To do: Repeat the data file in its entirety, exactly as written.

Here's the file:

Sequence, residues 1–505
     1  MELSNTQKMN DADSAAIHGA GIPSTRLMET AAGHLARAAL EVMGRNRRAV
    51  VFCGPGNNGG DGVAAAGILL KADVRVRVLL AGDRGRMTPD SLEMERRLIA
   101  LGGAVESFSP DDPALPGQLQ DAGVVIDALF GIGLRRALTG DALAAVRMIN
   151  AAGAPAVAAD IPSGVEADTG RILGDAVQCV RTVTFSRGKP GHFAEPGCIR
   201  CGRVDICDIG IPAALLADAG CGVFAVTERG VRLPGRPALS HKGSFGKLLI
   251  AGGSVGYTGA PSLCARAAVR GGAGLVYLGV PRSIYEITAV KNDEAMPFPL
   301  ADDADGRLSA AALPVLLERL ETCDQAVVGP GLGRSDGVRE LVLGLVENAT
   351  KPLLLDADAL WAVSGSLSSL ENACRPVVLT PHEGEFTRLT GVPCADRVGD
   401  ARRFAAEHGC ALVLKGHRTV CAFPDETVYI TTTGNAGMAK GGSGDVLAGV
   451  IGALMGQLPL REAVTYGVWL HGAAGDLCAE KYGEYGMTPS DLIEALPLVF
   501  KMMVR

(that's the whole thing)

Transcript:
Sequence, residues 1–505
     1  MELSNTQKMN DADSAAIHGA GIPSTRLMET AAGHLARAAL EVMGRNRRAV
    51  VFCGPGNNGG DGVAAAGILL KADVRVRVLL AGDRGRMTPD SLEMERRLIA
   101  LGGAVESFSP DDPALPGQLQ DAGVVIDALF GIGLRRALTG DALAAVRMIN
   151  AAGAPAVAAD IPSGVEADTG RILGDAVQCV RTVTFSRGKP GHFAEPGCIR
   201  CGRVDICDIG IPAALLADAG CGVFAVTERG VRLPGRPALS HKGSFGKLLI
   251  AGGSVGYTGA PSLCARAAVR GGAGLVYLGV PRSIYEITAV KNDEAMPFPL
   301  ADDADGRLSA AALPVLLERL ETCDQAVVGP GLGRSDGVRE LVLGLVENAT
   351  KPLLLDADAL WAVSGSLSSL ENACRPVVLT PHEGEFTRLT GVPCADRVGD
   401  ARRFAAEHGC ALVLKGHRTV CAFPDETVYI TTTGNAGMAK GGSGDVLAGV
   451  IGALMGQLPL REAVTYGVWL HGAAGDLCAE KYGEYGMTPS DLIEALPLVF
   501  KMMVR